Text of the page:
What Is Computer Virus ?Computer Virus is a type of malicious software program that when enter in our devce it starts to spread itself across our system through creating copy of itself by modifying the programs of computer and inserting its own code . When its replication process completed then a part of get affected that part is known as infected part.Hence A computer virus can be defined as a type of malicious code or program written to alter the way a computer operates and that is designed to spread from one computer to another. A virus operates by inserting or attaching itself to a legitimate program or document that supports macros in order to execute its code. In the process a virus has the potential to cause unexpected or damaging effects, such as harming the system software by corrupting .
Different Types Of Computer Virus :-
Spacefiller VirusThese type of viruses are also called “Cavity Viruses”. A typical modus operandi for a virus is to simply attach itself to a file, but spacefillers try to get into the empty space which can sometimes be found within the file itself.This method allows it to infect a program without damaging the code or increasing its size, thus enabling it to bypass the need for the stealthy anti-detection techniques other viruses rely on.Luckily, this type of virus is relatively rare, though the growth of Windows Portable Executable files is giving them a new lease of life.
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What Is Computer Virus ? Different Types Of Computer Virus .
Encrypted VirusThese viruses contain the encrypted malicious code, decrypted module.Hence we can say that these type of viruses use the encrypted code technique due to which for antivirus it is hard to detect thes viruses. The antivirus program will able to detect this type of viruses when they try spread by decrypted themselves.
Companion VirusCompanion viruses are file infector viruses similar resident or direct action viruses. They are known as companion viruses because once they get into the system they "accompany" the other files that already exist. In other words, in order to carry out their infection routines, companion viruses can wait in memory until a program is run (resident viruses) or act immediately by making copies of themselves (direct action viruses).Some examples include: Stator, Asimov.1539, and Terrax.1069
Network VirusThese type of viruses spread through a Local Network Area (LAN), and sometimes throughout the internet. Generally, network viruses multiply through shared resources, i.e., shared drives and folders. When the virus infects a computer, it searches through the network to attack its new potential prey. When the virus finishes infecting that computer, it moves on to the next and the cycle repeats itself.The most dangerous network viruses are Nimda and SQLSlammer.
Macro VirusThese viruses specifically target macro language commands in applications like Microsoft Word and other programs. In Word, macros are saved sequences for commands or keystrokes that are embedded in the documents. Macro viruses can add their malicious code to the legitimate macro sequences in a Word file. Microsoft disabled macros by default in more recent versions of Word; as a result, hackers have used social engineering schemes to convince targeted users to enable macros and launch the virus. As macro viruses have seen a resurgence in recent years, Microsoft added a new feature in Office 2016 that allows security managers to selectively enable macro use for trusted workflows only, as well as block macros across an organization.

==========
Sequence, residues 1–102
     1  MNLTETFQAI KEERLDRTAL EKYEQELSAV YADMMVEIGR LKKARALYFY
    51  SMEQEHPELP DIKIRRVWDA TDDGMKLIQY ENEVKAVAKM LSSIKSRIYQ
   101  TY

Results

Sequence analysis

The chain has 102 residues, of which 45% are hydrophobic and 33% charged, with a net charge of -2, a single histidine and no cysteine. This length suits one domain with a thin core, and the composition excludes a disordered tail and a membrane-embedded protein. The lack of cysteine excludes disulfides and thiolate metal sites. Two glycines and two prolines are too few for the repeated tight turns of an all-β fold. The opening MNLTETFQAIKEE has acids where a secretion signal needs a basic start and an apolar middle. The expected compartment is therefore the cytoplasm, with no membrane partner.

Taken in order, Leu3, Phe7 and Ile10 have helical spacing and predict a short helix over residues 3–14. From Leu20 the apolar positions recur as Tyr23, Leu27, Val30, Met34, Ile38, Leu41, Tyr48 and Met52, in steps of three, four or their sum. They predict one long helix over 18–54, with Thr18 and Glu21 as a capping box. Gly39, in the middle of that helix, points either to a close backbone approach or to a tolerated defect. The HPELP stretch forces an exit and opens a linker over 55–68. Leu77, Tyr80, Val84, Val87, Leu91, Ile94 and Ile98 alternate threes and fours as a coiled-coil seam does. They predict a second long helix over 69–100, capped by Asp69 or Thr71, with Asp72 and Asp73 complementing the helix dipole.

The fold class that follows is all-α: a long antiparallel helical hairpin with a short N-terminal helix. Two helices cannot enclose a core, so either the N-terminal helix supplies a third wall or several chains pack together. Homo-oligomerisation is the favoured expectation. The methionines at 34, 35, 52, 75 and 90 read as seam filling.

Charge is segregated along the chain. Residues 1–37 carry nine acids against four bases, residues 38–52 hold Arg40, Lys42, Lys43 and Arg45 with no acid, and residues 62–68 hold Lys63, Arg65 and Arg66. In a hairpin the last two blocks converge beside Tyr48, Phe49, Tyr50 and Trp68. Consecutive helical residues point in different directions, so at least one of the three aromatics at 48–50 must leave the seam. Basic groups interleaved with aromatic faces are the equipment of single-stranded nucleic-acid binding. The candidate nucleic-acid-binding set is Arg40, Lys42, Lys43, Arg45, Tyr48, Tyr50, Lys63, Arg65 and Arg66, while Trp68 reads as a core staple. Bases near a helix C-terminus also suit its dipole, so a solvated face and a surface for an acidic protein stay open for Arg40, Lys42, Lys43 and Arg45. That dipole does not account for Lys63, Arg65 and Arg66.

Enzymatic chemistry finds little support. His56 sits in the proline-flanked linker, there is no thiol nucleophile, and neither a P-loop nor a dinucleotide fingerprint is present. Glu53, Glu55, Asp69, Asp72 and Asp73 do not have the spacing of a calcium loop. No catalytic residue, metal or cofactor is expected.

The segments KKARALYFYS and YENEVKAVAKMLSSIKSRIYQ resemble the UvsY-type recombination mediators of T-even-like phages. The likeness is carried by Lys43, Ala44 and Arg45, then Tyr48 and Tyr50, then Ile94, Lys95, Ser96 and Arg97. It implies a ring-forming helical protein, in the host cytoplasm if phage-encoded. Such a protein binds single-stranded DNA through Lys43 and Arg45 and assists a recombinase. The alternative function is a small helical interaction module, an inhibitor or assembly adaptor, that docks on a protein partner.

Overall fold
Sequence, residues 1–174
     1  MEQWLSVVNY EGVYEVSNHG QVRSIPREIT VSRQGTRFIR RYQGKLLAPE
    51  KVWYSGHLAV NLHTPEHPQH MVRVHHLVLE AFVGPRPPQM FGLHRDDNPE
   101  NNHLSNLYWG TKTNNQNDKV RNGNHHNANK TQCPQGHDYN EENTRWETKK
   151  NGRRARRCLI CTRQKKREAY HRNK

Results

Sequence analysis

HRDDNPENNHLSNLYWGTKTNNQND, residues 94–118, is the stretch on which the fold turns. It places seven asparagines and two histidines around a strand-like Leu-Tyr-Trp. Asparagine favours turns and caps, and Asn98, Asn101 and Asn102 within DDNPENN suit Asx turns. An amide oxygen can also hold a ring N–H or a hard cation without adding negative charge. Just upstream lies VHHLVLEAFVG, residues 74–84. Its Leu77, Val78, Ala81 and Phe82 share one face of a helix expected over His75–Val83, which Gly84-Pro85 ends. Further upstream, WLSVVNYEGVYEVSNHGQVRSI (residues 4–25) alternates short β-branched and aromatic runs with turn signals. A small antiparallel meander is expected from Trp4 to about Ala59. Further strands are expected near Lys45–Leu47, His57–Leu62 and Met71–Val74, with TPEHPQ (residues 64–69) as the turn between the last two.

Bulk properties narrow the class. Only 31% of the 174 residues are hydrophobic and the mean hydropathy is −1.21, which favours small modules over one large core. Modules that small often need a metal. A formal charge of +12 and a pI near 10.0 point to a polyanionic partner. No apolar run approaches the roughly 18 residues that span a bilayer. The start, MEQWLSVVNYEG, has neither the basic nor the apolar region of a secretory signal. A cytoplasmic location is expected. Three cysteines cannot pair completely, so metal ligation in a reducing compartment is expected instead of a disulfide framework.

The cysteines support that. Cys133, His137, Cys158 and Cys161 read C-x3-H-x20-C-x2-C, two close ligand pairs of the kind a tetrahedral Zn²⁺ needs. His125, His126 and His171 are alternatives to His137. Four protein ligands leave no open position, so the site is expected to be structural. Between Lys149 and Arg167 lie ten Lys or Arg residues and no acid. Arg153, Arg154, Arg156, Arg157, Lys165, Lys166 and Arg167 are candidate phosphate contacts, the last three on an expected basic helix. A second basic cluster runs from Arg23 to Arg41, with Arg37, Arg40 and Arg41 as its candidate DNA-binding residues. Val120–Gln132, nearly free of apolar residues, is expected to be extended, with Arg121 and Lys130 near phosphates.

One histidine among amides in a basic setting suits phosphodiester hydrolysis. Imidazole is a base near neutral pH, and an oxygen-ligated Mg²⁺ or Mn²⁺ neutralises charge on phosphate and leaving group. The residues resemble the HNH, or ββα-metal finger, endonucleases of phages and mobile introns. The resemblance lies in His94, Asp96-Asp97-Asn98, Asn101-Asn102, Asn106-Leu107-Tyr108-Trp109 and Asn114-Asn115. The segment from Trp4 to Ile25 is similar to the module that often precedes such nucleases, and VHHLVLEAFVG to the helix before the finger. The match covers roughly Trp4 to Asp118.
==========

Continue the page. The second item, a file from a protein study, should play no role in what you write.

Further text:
File InfectorsThese type of viruses called file infectors they attach themselves to program files, usually selected .com or .exe files. Some can infect any program for which execution is requested, including .sys, .ovl, .prg, and .mnu files. When the program is loaded, the virus is loaded as well. Other file infector viruses arrive as wholly contained programs or scripts sent as an attachment to an email note.
Nonresident VirusThis type of viruses is similar to Resident Viruses by using replication of module. Besides that, Nonresident Viruses role as finder module which can infect to files when it found one (it will select one or more files to infect each time the module is executed).
Stealth VirusStealth Viruses is some sort of viruses which try to trick anti-virus software by intercepting its requests to the operating system. It has ability to hide itself from some antivirus software programs. Therefore, some antivirus program cannot detect them.
Sparse InfectorsIn order to spread widely, a virus must attempt to avoid detection. To minimize the probability of its being discovered a virus could use any number of different techniques. It might, for example, only infect every 20th time a file is executed; it might only infect files whose lengths are within narrowly defined ranges or whose names begin with letters in a certain range of the alphabet. There are many other possibilities.